Why Mika Brzezinski won’t stop until women “Know Their Value”

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By: Meredith Lepore

Mika Brzezinski wants women to get more confident and she wants them to do it now. That’s why she’s teamed up with NBC Universal (her news show Morning Joe is on MSNBC) to launch the “Know Your Value” women’s conference, a series of live events for women in Philadelphia, Washington D.C., Chicago, Boston, and Orlando. The idea is based on her 2011 best-selling biography-advice book, Knowing Your Value, and focuses on giving women tools to live a better life and build a new “movement,” she told Fortune. Each conference will consist of a daylong event focusing on coaching, networking, and mutual support to create a plan for success to help empower women. The tour kicks off in Philly on April 10.

Of course, Brzezinski has already written books on this subject, as well as teamed up with Arianna Huffington on her Thrive work, and let’s not forget she has her daily news show, Morning Joe, on MSNBC. So why give herself even more work? Because she sees a problem among women, from those just starting out to CEOs, that she wants to fix. Levo was lucky enough to speak with her on this exciting movement. 

Why did you decide to launch this tour? What was the motivation behind it? 

When my book Knowing Your Value came out in 2012, I never thought I would still be talking about it today, but everywhere I go, women from all walks of life come up to me and say, “I read your book and I got a raise.” I have come to realize that the challenges I confronted are universal to all women and I knew I had to do more with the Know Your Value message.

What’s your goal with it?

I want to teach women how to solve the part of the problem that they can actually control. I want to teach women to communicate their value effectively. There are so many barriers in our minds when we’re at the negotiating table; I want to remove those barriers so women stop leaving money on the table.

Why do women have so much trouble when it comes to negotiating for a raise?

For some reason, we’re very fierce when it comes to advocating for others. But when it comes to talking about money for OURSELVES we self-deprecate, we apologize, and we depreciate our value just by the way we present our cases. We worry about unnecessary things at the negotiating table. I want to teach women to remove those mental blocks.

What is the biggest mistake you see young women making when it comes to their careers?

They get ahead of their skills and they want too much, too soon. Before you know your value, you actually have to have some (ouch I know). Younger women need to focus on doing the jobs they have (even starter jobs) extremely well and stop looking over the shoulder of the person they’re talking to for the next promotion. Be still, be good at what you do, and your value will bloom.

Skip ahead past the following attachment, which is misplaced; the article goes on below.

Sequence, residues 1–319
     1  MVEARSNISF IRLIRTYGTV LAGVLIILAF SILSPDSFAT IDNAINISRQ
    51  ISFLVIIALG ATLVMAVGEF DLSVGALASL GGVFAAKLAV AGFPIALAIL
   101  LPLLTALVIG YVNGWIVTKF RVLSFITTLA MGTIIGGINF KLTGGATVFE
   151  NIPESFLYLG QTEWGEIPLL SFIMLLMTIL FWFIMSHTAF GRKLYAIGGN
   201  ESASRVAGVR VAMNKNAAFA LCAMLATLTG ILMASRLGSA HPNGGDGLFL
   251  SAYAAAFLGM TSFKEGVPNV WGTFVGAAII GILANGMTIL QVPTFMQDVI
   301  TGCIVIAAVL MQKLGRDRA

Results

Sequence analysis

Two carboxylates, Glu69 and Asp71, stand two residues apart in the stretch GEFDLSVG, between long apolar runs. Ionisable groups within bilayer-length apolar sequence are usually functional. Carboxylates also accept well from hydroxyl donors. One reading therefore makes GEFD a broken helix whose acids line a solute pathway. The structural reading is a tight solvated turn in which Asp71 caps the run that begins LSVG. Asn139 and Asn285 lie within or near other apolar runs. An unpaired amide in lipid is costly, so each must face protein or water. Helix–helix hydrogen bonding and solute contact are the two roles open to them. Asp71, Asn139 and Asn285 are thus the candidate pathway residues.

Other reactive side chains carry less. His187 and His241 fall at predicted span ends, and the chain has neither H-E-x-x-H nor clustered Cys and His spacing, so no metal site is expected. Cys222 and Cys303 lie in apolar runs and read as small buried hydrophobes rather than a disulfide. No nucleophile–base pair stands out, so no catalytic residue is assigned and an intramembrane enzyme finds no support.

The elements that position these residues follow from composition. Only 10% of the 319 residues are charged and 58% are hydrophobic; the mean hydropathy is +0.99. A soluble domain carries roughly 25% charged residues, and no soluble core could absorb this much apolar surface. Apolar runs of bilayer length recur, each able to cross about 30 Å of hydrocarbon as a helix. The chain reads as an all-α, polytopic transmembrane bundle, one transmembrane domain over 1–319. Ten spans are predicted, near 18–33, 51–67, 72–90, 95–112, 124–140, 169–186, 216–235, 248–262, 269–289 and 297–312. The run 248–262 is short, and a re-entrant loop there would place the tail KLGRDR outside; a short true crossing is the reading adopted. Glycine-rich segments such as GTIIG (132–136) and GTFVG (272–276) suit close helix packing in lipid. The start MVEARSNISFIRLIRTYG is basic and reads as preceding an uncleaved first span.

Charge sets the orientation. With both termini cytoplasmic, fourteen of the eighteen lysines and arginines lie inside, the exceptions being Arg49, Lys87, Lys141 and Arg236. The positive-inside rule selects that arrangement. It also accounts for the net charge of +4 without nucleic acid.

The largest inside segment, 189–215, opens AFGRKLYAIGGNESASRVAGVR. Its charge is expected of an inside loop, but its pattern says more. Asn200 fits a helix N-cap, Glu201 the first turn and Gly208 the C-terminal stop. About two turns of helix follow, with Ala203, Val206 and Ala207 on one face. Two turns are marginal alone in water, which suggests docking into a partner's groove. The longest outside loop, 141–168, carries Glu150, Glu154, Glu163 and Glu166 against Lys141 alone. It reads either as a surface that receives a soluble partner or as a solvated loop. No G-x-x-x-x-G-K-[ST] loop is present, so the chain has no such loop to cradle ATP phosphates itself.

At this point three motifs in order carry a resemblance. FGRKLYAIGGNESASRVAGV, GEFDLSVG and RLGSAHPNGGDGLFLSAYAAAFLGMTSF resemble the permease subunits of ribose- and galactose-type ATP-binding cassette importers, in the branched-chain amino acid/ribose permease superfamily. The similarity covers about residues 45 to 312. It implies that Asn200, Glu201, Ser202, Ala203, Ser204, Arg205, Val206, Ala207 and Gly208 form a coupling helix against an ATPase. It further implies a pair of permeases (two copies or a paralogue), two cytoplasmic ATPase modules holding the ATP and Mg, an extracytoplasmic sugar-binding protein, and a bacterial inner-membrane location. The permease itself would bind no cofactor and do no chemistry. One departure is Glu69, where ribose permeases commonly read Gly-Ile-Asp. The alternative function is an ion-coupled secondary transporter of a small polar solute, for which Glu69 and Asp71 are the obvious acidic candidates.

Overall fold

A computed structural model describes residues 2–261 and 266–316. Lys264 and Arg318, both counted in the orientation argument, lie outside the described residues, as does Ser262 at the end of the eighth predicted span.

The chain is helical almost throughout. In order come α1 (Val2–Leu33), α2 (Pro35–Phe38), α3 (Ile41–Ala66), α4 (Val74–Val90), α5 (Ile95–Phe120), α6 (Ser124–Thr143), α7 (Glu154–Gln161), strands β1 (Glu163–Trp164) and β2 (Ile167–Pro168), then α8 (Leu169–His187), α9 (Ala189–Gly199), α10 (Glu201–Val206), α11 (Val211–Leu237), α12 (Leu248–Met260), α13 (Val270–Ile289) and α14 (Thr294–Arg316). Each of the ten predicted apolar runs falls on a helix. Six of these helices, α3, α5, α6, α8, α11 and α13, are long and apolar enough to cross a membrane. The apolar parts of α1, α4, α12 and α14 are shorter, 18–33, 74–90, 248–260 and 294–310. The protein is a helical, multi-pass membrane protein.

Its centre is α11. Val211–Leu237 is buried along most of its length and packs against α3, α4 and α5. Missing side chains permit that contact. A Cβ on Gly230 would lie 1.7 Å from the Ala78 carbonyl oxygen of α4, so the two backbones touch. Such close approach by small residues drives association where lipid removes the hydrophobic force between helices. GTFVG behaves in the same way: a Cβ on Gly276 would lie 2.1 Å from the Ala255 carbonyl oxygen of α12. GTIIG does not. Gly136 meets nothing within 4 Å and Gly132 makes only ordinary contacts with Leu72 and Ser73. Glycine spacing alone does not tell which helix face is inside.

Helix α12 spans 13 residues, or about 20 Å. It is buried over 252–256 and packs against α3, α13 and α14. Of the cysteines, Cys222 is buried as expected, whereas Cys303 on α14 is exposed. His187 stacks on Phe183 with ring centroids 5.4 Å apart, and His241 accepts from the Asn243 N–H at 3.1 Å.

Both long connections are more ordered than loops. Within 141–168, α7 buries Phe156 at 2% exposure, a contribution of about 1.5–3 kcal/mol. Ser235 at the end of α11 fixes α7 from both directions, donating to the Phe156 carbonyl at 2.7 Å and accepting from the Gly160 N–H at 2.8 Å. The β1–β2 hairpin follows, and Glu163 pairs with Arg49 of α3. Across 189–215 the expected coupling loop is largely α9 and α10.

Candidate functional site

Can you give us three of your best negotiation tips? 

Don’t apologize.

Don’t worry about being “liked.”

Don’t go in there without the proper data to back up your point.

What’s your best advice when it comes to recovering from failure?

Don’t wear it on your sleeve. Failure is a badge of honor; I know because I have failed many times publicly and it has only made me better. Failure is an incredible learning tool. It’s far more honest than success.

How do you get up so early every day and be so energetic on camera? What’s your secret? 

I am going to keep going until I can’t. There’s no secret. It’s really, really hard and stressful, but I just try very hard to take care of myself as best as I can. Again, no smoke and mirrors here—this can be really grueling what I do.

How do you feel about the comparisons to Sheryl Sandberg and Oprah that are coming about?  

I’m proud to be one of many women out there, like Sheryl Sandberg and Oprah, who’s bringing a spotlight to issues that women face today–and I view all of these conversations as necessary if women find them helpful.

We’re going to announce ticket sales in the coming weeks, but we plan to sell tickets at a fair and accessible price so that women of all economic backgrounds, ages, and stages of their career can attend if they want to. This is different from a lot of the conferences you hear about in which you pay all kinds of money, but rarely come out with anything tangible.

This new partnership will give women access to practical advice, tips, resources, and a supportive network that can help them understand their worth, whether at work, at home, or another part of their lives. They’re going to walk out of the tour knowing how to achieve their own version of success and what to do to get there.

By: Meredith Lepore

This article was originally published on Levo League.

 Levo League is a thriving community of young professionals, role models and innovative companies taking Gen Y by storm. Levo, the Latin root of the word “elevate,” encompasses Levo League’s mission: to elevate your career. Join Levo to discover the best job opportunities, master new skills and connect with their growing global network to start accelerating your success now.

Why Mika Brzezinski won’t stop until women “Know Their Value”

Updated